"So that's the first criteria for selecting a company.  Has it got a 'consumer' monopoly?  I'm just giving you the overview here, I can't go into detail about how to choose between one and the other - I have mentioned that in previous meetings.

"The second criteria that I have copied is to look as far back as possible at company accounts.  5 years minimum.  10 years is better.  Has a company's turnover consistently increased in each of the last 5-10 years?

"Have the company's profits increased?  Have the company's earnings increased?  I'm sure you get the idea.  You could extend this kind of thinking to dividends, cash in the bank, Shareholder funds, etc, etc.

"The next thing I look at is the company's Price to Earnings ratio.  Generally speaking, you do not want to be buying a company for top dollar.  You want to buy it cheap.

"Being honest, that's how my portfolio has performed so well.  I bought a lot of them as the market was coming out of the first pandemic.  They were dirt cheap.

"Most shares are not cheap now.  My watch list has some cracking companies that I would love to see in my portfolio, but I am not prepared to pay silly P/E ratios to get them.  I'll be patient and wait.  Even if I have to wait for the next Bear Market to raise its ugly head.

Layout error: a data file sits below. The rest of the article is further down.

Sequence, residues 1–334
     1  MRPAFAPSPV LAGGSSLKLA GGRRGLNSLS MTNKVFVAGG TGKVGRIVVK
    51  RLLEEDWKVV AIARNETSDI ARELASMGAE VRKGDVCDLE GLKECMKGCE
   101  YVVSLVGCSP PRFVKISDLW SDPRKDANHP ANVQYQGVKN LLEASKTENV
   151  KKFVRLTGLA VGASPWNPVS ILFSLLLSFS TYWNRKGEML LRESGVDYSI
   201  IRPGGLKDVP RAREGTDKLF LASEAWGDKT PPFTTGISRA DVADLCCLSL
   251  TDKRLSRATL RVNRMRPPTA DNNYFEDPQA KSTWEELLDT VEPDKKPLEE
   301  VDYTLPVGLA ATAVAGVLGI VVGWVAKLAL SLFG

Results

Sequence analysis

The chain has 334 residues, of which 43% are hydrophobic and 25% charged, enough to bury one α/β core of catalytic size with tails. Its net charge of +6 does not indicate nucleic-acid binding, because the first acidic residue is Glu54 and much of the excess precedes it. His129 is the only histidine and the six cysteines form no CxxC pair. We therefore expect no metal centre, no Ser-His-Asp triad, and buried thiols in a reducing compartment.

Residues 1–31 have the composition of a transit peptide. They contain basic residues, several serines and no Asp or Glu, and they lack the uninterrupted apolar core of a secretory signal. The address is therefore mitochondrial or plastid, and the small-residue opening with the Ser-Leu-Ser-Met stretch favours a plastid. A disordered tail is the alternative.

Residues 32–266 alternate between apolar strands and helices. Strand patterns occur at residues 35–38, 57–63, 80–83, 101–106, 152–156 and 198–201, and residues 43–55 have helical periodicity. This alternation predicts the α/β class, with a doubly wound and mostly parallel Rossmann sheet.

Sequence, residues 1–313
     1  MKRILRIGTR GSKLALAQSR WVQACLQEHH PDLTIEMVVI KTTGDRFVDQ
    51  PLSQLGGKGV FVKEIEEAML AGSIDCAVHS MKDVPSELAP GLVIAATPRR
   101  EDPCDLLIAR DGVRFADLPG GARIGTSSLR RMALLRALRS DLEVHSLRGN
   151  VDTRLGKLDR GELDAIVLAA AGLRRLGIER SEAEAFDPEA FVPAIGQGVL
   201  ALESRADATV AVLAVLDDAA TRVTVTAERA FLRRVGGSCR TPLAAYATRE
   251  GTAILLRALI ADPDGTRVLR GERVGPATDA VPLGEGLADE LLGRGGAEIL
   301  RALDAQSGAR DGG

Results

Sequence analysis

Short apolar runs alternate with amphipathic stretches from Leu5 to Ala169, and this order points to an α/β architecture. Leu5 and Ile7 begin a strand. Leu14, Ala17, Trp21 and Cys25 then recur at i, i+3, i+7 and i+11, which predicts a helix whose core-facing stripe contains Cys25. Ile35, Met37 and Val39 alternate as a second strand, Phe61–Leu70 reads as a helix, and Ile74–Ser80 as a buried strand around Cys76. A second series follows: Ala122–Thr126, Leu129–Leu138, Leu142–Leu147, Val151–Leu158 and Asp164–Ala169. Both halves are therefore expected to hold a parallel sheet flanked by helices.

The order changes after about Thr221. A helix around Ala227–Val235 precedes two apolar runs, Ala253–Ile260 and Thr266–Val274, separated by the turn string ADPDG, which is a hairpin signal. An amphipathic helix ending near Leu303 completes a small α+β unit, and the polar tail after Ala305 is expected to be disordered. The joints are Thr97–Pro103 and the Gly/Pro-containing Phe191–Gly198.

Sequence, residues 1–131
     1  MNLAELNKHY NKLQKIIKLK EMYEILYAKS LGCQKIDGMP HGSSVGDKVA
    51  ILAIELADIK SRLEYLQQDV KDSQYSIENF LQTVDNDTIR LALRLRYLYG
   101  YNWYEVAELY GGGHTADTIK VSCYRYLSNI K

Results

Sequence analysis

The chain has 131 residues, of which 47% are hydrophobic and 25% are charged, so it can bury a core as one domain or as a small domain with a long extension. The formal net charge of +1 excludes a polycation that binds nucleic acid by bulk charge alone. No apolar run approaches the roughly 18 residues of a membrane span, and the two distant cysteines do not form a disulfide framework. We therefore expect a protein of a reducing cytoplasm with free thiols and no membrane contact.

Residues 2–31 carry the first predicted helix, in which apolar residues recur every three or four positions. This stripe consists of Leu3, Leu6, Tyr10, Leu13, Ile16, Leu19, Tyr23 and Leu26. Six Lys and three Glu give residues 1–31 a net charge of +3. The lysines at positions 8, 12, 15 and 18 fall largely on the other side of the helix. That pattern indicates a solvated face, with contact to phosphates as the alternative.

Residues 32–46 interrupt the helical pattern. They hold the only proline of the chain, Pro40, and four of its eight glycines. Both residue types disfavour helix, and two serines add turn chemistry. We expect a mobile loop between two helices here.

"I keep bleating on about GSK.  They are one of the few companies that are a bargain - in my opinion - right now.  Why are they a 'bargain?'  I think because of all the uncertainty surrounding the company about its split next year.

"But what other companies are on your watchlist right now?" Clem butted in.

"OK, OK" said Chris "heres a small sample of some of them.  In fact, you've already seen most of them, but I have unearthed some new ones.  Whether they will remain on my watchlist after I scrutinise them - is another story.  I'll let you know the next time we meet up.

"Here's part of my list:

Company                          Price           P/E
Hargreaves Lansown       1523            22
IG Group                            867              9